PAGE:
Today I made vestedda. I’m going to share to recipe here as well as three reasons vastedda is important.
If you’re new here on this blog, let me tell you that my name is really Laura and I really do live in a little house on the prairie. I am a Jersey girl to the core and I live here because of the enticement of cheap land and the opportunity for my children to farm land that their ancestors (on my husband’s side) have farmed for generations. I struggle all the time. Although New Jersey, Brooklyn and the Colorado Prairie are all part of the United States of America, I sometimes doubt this. I am also 100% Italian. To say that there is a lack of Italian culture on the prairie is an understatement. Most people here don’t even know how to say “Italian”. I’ll chalk it up to the dialect or the accent or something, but many people here say “Eye-talian” and it drives me nuts. Where I grew up, it seems most families were Italian, Irish or Jewish. We had a strong Italian culture. I miss it.
Both of my parents are from Brooklyn. I grew up visiting both my grandmothers in Brooklyn frequently. Although I was born in Staten Island and that perhaps means I loose street credit, I’m a Brooklyn girl, too. I grew up with Brooklyn pizza and Joe’s. Joe’s of Avenue U is in the Gravesend section of Brooklyn. They have been in business since forever in the same location. They sell Sicilian Italian food. I am half Sicilian. I miss Joe’s. My favorite dish at Joe’s is vastedda. Vastedda is basically a spleen sandwich. I miss vastedda. Making vastedda, copycatting Joe’s, is a small way to alleviate my homesickness. It’s an ethnic dish, right on the prairie.
Vastedda is spleen, which means it’s offal. We try to follow the Weston A. Price diet. A big pillar of the Weston A. Price diet is the consumption of offal. The experts can explain the whys and wherefores of the benefits of offal. Logically it makes sense that since people have eaten offal for millennia, and we should, too. Our bodies and biology haven’t changed. If offal was good enough for my great-great grandmother, it should be good enough for me.
I am a cattle rancher. I raise grass-fed, grass-finished organic beef on the beautiful prairie of Colorado. Shouldn’t I use it all? We eat our own meat of course. Isn’t it most efficient to use all of the meat? The steer, after living a happy life eating grass with constant access to pasture and sunshine, looses his life to provide us with food. Isn’t it being a good steward to eat all the offal? Didn’t Jesus Himself tell everyone to gather up the scraps after He fed 5000 men? Is spleen a scrap? A scrap that can feed my family four more meals out of a steer than we would have otherwise. It makes economic and environmental sense to eat vastedda. Or maybe I’m just cheap.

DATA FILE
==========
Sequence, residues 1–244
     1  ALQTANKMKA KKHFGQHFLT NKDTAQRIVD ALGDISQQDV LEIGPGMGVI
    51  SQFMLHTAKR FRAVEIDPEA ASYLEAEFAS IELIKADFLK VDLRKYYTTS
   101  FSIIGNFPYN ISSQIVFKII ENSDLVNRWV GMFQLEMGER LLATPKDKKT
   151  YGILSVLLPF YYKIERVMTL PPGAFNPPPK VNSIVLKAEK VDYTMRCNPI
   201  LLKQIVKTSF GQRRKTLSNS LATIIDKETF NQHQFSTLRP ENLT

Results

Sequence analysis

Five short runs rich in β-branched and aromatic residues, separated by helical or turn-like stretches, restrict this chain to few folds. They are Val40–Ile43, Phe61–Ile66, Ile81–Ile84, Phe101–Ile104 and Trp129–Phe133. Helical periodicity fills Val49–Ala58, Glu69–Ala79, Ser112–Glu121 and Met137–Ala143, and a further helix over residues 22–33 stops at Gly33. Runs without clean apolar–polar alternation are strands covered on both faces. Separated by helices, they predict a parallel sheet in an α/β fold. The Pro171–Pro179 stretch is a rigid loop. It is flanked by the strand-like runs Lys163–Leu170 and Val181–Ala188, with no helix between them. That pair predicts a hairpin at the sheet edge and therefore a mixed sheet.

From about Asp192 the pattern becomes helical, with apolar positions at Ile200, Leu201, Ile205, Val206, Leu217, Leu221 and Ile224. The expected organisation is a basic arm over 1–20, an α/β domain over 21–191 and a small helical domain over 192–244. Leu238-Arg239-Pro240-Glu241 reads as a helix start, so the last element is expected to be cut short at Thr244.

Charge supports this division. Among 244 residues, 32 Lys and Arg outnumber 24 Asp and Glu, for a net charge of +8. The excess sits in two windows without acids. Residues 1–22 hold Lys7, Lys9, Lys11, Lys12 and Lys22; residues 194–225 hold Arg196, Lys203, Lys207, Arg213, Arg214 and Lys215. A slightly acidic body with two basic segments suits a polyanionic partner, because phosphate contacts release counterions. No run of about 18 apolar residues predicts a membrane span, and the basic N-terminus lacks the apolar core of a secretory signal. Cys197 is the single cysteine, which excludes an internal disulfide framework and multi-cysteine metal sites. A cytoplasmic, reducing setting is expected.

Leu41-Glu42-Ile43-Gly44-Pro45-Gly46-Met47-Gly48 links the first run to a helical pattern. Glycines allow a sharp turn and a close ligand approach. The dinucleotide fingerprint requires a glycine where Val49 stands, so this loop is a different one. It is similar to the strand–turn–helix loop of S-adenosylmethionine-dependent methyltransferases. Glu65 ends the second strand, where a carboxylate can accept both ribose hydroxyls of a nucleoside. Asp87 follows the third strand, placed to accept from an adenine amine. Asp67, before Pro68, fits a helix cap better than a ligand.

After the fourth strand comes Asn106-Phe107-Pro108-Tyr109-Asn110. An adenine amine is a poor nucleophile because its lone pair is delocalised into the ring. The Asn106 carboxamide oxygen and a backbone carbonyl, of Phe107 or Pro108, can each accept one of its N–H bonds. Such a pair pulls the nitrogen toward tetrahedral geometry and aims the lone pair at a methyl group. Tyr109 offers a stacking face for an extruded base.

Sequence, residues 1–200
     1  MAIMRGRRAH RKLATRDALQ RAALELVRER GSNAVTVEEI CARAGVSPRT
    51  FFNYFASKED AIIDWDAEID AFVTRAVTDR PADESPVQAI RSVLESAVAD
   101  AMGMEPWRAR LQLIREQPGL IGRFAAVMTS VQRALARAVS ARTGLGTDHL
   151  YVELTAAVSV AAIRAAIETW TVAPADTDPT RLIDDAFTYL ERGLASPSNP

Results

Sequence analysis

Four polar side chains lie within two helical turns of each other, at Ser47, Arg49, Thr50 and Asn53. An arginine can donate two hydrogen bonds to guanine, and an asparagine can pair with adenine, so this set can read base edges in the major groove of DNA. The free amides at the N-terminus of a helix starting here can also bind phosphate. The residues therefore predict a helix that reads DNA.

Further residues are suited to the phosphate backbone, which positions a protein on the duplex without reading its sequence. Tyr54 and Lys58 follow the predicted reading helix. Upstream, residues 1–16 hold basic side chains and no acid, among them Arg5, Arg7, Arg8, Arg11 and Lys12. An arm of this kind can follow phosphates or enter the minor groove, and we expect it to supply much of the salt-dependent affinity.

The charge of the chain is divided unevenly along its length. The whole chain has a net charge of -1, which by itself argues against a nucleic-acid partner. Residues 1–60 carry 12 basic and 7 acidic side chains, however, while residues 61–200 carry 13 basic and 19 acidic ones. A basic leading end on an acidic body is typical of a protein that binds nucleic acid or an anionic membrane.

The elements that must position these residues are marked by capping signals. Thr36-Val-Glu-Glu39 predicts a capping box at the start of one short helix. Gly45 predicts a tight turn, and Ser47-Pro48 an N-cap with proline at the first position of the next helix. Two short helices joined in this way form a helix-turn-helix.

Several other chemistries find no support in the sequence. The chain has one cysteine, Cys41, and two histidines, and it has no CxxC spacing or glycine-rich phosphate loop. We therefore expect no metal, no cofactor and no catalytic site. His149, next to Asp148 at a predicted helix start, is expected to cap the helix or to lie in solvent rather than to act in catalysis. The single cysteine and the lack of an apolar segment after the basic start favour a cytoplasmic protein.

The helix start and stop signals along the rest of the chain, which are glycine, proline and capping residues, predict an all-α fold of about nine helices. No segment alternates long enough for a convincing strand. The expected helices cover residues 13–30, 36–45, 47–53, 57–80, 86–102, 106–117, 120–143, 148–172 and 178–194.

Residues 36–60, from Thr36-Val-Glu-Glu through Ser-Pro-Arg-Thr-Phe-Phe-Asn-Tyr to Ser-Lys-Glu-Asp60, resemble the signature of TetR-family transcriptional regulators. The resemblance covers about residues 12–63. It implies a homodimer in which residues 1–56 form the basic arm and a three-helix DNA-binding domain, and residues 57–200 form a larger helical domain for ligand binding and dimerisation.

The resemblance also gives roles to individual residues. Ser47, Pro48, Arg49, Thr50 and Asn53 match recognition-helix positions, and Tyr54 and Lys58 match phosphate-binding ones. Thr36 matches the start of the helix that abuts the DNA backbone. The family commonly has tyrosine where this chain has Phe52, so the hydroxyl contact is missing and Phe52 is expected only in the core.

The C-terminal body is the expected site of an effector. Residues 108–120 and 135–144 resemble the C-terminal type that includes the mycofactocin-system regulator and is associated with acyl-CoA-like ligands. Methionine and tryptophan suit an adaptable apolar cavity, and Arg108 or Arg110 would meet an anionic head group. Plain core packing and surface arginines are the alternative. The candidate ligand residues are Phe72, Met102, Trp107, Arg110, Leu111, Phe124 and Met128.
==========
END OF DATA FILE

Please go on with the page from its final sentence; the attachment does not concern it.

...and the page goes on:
So let me recap why everyone should eat vastedda:
1. It is a way to bring Sicilian Italian culture to your own kitchen, even if you don’t live in Gravesend in Brooklyn.
2. Vastedda is spleen which is offal. Mankind has eaten offal through the millennia. Weston A. Price people say this is a good thing. It just makes good logical sense.
3. Vastedda is a great way to make an animal stretch, especially if you buy your meat by the whole animal. Why not turn the otherwise unused spleen into a few more meals? It makes economic and environmental sense and doesn’t cost extra.
tallow (which can be doubly cool if it’s from the same animal as the spleen)
yummy rolls of your choice
parmesan or other cheese, shredded
ricotta (of course homemade is best)
1. Soak thawed spleen in milk to remove the organ-y taste. Change out the milk twice.
2. Boil the spleen for about 30 minutes.
3. Slice it thin.
4. Fry the spleen in tallow.
5. Prepare rolls by slicing in half.
6. Place spleen ricotta and parmesan cheese on rolls and bake them in the oven until just hot.
You have copycatted Joe’s of Avenue U. You have eaten good-for-you offal. You have stretched your beef into a few more meals. This is a win-win-win.
Posted in Culture Clashes of a Jersey Girl on the Colorado Prairie, Laura's Little Kitchen On the Prairie, Recipes, The Irony of a Food Desert Surrounded by Farms and tagged Joe's of Avenue U, offal, spleen, vastedda, Weston A. Price by Laura with no comments yet.